Because of the risk of hormone-induced growth and spontaneous rupture of hepatocellular adenoma (HCA) during pregnancy, special considerations are required. Due to the scarcity of cases, there is no evidence-based algorithm for the evaluation and management of HCA during pregnancy. We think it should be questioned if it is justified to discourage pregnancy in all women with HCA. The biological behavior of this benign lesion might be less threatening than presumed and a negative advice concerning pregnancy has great impact on the lives of these young female patients. The balance between the pros and cons of hepatic adenomas and pregnancy should be reconsidered. In our center, pregnancy in women with an HCA up to 5 cm is no longer discouraged in close consultation with the patient, her partner, and members of the liver expert team.

A strong association between hepatocellular adenoma (HCA) and the use of oral contraceptives (OC) was first described in 1973 [1]. The hypothesis that there is a relation between steroids and HCA has been supported by many authors but is still not understood [24]. Due to the increased levels of endogenous hormone production, which may cause hormone-induced growth and rupture, HCA requires special attention during pregnancy [5, 6]. Patients with a growing or ruptured HCA mostly present themselves with persistent or acute severe pain localized in the upper right quadrant and in the epigastric region. In the literature, the maternal and fetal mortality risks of ruptured HCA during pregnancy has been reported to be 44 and 38% respectively [7]. However, all these cases were published in the 1970s or 1980s, in which there might have been a delay in diagnosis as the entity of ruptured HCA was not well known and less advanced imaging methods were used.

In the recent years the widespread use of highly advanced image modalities has probably decreased the delay in the diagnosis of HCA and the associated maternal and fetal mortality significantly. Because of the unpredictable behavior of HCA during the increased levels of endogenous hormones, we used to advise women with a large HCA or a growing and hormone-sensitive HCA to avoid pregnancy, as most other experts in this field do [6, 8]. Even if HCA was incidental findings previous to a pregnancy without having caused any complications, women were still advised not to get pregnant as long as the HCA is present. Because of the overall agreed advice to avoid pregnancy in patients with HCA, the diagnosis of HCA has severe impact on the lives of these young fertile women.

As to date, there are limited data about the behavior of HCA during pregnancy and labor.

From the international literature between 1966 and 2003, Cobey and Salem retrieved 26 cases of women presenting with HCA during pregnancy or early postpartum and proposed an algorithm for their diagnosis and management [7]. Presentation was acute and often dramatic with rupture of the adenoma in 16 women and frequently with a delay in establishing the correct diagnosis, with high maternal and fetal mortality (44% and 38%, resp.). The hormone-induced growth and risk of rupture seemed to be the highest during the third trimester of pregnancy, most probably because of the cumulating level of estrogens and an increase in the hyperdynamic circulation combined with an increase in vascularity of the liver [7]. An aggressive approach towards resection of HCA was advocated, especially for those greater than 5 cm. Small adenomas were supposed to be managed by observation [7]. It is important to realize that most of these reports were published in a time period during which this disease entity was relatively unknown and treatment in an emergency setting was less advanced.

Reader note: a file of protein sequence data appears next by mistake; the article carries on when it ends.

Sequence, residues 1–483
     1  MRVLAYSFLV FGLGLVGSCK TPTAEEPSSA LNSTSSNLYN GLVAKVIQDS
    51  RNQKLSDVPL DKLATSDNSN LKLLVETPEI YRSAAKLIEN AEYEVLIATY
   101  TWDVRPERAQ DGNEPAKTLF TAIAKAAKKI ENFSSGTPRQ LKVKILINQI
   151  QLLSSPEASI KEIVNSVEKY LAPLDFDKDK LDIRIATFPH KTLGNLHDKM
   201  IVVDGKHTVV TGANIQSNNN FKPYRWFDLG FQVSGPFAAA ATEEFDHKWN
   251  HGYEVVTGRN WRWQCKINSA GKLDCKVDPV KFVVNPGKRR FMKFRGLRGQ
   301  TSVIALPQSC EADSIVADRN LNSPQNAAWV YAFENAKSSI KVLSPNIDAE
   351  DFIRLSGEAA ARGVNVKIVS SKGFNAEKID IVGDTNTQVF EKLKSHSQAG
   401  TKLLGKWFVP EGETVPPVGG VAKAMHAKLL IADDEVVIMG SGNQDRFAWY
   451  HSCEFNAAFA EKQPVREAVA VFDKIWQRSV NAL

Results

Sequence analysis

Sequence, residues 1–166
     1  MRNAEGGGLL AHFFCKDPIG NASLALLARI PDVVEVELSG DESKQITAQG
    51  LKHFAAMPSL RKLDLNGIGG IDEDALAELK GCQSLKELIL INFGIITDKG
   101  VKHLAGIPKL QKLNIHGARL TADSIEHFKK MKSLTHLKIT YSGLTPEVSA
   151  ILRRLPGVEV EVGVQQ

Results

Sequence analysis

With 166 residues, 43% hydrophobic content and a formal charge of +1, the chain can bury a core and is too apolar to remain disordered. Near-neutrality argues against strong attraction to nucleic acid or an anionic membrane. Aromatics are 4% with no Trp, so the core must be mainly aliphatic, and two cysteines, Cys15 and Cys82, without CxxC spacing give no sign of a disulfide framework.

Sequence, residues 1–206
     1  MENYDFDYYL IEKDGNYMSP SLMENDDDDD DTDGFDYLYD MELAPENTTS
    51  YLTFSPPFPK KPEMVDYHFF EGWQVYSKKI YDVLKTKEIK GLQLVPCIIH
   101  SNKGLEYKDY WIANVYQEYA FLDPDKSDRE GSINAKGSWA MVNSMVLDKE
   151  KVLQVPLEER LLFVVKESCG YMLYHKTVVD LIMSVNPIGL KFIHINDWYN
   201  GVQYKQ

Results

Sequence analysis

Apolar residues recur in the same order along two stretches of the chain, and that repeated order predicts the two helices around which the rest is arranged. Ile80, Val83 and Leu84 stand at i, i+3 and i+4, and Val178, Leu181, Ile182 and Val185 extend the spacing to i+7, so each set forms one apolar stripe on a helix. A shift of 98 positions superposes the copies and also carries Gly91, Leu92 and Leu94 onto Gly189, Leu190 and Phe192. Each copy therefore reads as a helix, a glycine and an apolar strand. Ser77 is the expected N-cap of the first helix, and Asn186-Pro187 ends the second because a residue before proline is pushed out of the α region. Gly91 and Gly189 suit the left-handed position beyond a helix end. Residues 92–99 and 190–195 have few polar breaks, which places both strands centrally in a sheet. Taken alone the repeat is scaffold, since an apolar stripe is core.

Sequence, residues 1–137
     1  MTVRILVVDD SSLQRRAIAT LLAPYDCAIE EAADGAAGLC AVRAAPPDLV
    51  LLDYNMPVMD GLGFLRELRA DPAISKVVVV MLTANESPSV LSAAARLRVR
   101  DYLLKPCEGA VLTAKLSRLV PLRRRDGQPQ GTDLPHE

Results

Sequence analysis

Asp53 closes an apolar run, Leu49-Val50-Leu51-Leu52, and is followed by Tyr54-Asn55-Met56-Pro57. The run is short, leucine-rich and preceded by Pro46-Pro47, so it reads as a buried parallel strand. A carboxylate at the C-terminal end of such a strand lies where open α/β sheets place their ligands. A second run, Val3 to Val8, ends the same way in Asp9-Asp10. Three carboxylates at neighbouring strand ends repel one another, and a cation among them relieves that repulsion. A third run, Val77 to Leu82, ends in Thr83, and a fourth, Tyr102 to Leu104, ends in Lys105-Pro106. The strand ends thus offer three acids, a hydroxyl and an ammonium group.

In our hospital, we monitored 12 women with one or more documented HCAs during a total of 17 pregnancies. In four cases, HCA grew during pregnancy, requiring a Caesarean section in one patient (two pregnancies) and RFA in one patient during the first trimester of pregnancy because of significant growth of the adenoma. All pregnancies had an uneventful course with a successful maternal and fetal outcome [9]. We concluded not to discourage all women with HCA from pregnancy. In our tertiary referral center, we closely observe pregnant women with a HCA smaller than 5 cm in a clinical trial [10]. In this study, the size of the lesion is an exclusion criterion when exceeding 5 cm, but the number of HCAs present in the liver is not. Three studies investigated the association between the risk of rupture and the number of HCAs [11]. This risk did not differ between single and multiple HCAs [1214]. In our previous study, the number of HCAs in the women observed during pregnancy varied between 1 and more than 10 HCAs. We concluded that only in women with large tumors and a complicated pregnancy previously, pregnancy should be discouraged [9].